The retina, the nervous tissue that covers the innermost part of the eyeball, is made up of 10 layers from the outside to the inside of the eyeball. Since photoreceptor cells that receive stimulation by light are distributed, they are responsible for forming an image of an object that has passed through the cornea and lens. The retina is composed of a retinal artery that supplies oxygen and nutrients-rich blood to the retina, a retinal vein that returns used blood from the retina to the heart, and several blood vessels that branch off from the retinal artery and retinal vein. Retinal artery occlusion refers to a disease in which symptoms such as loss of vision occur as normal blood circulation is not achieved due to blockage of blood vessels such as arteries and veins in the retina due to various causes. It is similar to a stroke caused by a blood circulation disorder, so it is also called an eye stroke or eye stroke. Although the exact cause of retinal artery occlusion is not known, it is known that various diseases such as high blood pressure, arteriosclerosis, hyperlipidemia, and diabetes that cause problems in normal blood circulation act as risk factors and affect the occurrence. It has a characteristic that the incidence rate increases with age, so it occurs more often in the 50s and 70s, and it is known as a disease with a high incidence in the cold winter, when blood vessels are easy to constrict. Now, let’s learn more about the various symptoms, treatment, and prevention of retinal artery occlusion in more detail.
Main symptoms of retinal artery occlusion
The main symptom of retinal artery occlusion is decreased visual acuity. Depending on the location where the retina is closed, the speed and degree of deterioration of vision will vary. In the case of central artery occlusion, which appears due to occlusion of the retinal artery, sudden visual disturbances such as dark clouds appear in both fields of vision. In addition, central retinal vein occlusion, which is caused by blockage of the central vein, also results in sharp visual impairment. Unlike retinal arteries, it usually occurs in one eye. In addition, branch retinal vein occlusion is more common than central vein occlusion, and there are no symptoms at first, but visual acuity is gradually lost, and visual disturbances may be accompanied.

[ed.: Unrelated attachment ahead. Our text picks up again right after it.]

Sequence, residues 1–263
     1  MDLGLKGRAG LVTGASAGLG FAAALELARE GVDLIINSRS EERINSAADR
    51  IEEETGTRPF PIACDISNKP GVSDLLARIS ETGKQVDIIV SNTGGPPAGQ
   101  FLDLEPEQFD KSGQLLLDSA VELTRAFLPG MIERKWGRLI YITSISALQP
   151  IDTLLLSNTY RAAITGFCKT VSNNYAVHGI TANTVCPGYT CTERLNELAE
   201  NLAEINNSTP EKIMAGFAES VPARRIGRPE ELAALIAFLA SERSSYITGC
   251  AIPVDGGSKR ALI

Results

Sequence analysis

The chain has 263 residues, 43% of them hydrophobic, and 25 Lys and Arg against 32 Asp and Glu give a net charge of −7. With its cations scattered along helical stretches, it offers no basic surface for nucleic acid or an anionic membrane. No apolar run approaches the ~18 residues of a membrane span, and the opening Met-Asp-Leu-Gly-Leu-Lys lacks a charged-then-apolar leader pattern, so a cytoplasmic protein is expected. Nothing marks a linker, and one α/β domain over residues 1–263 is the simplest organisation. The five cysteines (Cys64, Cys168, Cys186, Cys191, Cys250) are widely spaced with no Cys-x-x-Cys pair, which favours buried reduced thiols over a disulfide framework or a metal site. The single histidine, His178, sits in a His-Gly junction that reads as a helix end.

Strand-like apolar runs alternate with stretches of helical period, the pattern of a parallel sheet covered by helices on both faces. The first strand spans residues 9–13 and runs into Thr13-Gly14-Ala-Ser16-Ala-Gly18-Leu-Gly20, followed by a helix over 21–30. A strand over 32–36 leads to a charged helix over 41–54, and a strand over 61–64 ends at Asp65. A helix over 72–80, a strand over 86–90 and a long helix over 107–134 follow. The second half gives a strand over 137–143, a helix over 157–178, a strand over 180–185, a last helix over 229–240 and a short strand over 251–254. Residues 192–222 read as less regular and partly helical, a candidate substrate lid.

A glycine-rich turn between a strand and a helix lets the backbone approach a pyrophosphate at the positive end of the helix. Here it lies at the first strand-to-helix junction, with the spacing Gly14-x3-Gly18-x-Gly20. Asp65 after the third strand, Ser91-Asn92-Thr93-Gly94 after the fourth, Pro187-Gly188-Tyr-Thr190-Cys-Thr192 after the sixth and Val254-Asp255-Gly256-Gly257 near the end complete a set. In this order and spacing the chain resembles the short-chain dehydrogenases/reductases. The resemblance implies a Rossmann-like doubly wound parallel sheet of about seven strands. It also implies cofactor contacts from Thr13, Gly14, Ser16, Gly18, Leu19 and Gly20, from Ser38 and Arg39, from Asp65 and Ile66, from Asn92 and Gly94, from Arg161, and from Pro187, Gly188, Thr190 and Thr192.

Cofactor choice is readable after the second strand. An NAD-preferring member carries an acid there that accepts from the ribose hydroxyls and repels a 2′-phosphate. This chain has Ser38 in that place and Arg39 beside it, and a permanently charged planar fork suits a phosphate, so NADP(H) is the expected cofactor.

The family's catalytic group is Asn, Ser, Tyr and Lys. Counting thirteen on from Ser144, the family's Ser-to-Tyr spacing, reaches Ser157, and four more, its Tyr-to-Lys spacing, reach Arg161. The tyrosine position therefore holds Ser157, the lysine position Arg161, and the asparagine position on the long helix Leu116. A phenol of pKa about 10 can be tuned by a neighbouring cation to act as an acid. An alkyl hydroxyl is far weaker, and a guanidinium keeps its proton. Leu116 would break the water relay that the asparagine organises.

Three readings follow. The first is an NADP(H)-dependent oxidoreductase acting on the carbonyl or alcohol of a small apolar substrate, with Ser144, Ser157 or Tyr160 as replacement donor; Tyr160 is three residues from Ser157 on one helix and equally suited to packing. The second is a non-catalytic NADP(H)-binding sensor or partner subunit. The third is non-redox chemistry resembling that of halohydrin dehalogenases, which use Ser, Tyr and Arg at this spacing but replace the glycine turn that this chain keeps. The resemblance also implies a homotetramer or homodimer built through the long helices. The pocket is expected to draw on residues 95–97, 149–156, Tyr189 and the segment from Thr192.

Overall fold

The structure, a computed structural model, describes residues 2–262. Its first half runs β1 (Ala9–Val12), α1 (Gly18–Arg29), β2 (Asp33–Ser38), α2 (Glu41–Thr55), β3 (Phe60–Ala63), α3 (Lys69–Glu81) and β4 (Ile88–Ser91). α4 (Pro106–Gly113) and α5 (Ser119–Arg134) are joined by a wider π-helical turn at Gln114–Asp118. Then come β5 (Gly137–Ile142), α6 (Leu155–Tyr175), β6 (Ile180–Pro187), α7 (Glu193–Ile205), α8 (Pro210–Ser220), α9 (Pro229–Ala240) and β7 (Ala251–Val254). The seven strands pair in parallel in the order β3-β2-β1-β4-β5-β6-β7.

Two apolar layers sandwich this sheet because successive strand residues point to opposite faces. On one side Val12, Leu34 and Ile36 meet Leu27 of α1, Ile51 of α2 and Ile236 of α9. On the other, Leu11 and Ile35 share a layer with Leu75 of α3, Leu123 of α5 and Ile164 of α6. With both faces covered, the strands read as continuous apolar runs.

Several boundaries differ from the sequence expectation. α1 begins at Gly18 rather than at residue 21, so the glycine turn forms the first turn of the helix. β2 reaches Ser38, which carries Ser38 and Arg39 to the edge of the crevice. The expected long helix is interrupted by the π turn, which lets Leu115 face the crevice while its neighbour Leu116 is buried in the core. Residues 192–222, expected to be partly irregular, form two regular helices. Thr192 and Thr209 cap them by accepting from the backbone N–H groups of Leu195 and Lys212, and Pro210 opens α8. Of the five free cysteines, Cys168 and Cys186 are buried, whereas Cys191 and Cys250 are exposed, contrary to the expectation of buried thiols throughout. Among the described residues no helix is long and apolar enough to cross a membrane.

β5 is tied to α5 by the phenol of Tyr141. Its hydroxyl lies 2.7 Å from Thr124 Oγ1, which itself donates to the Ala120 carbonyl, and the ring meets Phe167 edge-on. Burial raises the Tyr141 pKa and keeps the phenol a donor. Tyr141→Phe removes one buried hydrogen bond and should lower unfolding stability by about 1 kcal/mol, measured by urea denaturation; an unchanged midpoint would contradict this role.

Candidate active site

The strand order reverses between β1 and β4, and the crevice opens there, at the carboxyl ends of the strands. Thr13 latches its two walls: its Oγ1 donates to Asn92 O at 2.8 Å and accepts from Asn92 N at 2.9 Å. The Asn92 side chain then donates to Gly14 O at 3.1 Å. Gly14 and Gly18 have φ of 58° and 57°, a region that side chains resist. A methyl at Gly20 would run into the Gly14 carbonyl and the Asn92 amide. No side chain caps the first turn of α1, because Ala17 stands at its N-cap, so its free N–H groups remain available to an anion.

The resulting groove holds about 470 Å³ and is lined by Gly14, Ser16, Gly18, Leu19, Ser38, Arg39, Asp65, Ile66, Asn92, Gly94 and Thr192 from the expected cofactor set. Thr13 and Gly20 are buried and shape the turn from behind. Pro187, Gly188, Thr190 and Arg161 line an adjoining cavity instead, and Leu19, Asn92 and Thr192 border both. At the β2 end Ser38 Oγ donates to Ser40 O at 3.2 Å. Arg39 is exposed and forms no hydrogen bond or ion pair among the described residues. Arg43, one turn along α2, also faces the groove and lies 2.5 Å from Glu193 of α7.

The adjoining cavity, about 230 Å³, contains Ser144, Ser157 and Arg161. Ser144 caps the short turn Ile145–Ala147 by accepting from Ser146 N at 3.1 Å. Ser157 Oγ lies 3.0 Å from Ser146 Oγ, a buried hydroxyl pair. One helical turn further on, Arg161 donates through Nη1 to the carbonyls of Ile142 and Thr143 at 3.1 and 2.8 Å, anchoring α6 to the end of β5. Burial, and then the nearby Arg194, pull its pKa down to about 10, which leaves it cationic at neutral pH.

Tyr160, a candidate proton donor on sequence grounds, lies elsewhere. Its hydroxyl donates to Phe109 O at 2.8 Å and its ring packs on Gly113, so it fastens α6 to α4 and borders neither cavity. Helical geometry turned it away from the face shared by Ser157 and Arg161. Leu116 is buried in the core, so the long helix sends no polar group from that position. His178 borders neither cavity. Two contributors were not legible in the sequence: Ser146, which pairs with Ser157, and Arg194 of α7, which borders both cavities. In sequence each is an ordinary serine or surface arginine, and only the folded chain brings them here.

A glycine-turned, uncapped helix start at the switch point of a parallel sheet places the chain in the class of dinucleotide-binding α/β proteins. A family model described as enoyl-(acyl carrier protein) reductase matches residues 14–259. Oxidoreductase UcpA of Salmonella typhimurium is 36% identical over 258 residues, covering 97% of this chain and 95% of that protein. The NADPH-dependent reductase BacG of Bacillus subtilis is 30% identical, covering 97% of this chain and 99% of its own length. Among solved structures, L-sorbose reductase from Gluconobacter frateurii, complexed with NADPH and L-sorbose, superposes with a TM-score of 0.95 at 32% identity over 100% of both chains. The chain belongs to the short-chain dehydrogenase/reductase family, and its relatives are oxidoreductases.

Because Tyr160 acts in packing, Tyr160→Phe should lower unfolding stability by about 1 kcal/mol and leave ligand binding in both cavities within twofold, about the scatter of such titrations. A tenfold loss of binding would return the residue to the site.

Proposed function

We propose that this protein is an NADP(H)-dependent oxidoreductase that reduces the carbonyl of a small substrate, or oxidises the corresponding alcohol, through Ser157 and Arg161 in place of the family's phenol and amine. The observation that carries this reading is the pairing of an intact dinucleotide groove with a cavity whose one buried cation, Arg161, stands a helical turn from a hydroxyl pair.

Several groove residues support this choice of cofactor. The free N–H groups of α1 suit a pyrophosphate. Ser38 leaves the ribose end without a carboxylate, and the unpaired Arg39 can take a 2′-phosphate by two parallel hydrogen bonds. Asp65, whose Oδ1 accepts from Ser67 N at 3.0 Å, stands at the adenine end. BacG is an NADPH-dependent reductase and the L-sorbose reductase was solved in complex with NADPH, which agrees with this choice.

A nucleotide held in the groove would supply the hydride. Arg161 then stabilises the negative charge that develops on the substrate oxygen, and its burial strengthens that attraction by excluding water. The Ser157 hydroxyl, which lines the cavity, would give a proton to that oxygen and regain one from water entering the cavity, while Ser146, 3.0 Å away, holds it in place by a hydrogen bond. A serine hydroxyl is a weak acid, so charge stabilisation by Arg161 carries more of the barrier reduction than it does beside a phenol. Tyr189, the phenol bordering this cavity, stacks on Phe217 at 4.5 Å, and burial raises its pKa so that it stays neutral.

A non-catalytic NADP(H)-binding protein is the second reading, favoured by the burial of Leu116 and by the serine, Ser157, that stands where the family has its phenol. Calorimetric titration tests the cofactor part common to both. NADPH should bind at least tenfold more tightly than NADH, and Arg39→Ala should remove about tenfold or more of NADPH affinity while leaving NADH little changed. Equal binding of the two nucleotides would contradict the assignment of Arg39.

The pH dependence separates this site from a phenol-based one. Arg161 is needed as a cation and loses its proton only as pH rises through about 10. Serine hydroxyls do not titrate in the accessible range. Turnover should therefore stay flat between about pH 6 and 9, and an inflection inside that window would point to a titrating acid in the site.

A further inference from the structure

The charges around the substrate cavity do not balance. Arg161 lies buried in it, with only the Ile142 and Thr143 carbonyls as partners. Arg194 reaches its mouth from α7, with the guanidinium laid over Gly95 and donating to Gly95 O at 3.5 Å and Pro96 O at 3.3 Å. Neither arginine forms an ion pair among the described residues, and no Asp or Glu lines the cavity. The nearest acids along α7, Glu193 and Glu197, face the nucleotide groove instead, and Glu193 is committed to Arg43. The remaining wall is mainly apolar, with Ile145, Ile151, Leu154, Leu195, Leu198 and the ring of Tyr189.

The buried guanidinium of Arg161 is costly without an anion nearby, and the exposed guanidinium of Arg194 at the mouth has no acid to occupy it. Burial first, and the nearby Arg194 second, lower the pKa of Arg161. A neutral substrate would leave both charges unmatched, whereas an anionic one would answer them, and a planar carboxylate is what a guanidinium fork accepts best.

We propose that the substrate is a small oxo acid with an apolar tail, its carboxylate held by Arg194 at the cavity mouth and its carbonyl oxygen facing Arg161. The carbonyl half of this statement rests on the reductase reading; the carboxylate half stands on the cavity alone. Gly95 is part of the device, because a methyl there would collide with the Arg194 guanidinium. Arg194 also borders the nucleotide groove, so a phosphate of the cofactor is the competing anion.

Since the incidence of retinal artery occlusion is high in middle-aged people, when symptoms appear, it is considered to be a simple presbyopia and neglected. Retinal artery occlusion is an emergency ophthalmic disease that needs to be treated as soon as possible. In particular, central retinal artery occlusion, which causes visual impairment in both eyes, can cause loss of vision due to nerve tissue damage if blood flow to the retina is not restored within 24 hours. say you can. In addition, central retinal vein occlusion caused by blockage of retinal veins causes edema of blood vessels, which not only causes severe loss of vision, but also increases intraocular pressure due to the formation of new blood vessels, which increases the risk of complications such as glaucoma. Therefore, when these related symptoms appear, it is of utmost importance to provide emergency treatment as soon as possible so as not to delay treatment. In addition, in the case of middle-aged people with a high incidence rate, it is very important to regularly implement a management habit for prevention through regular check-ups every year.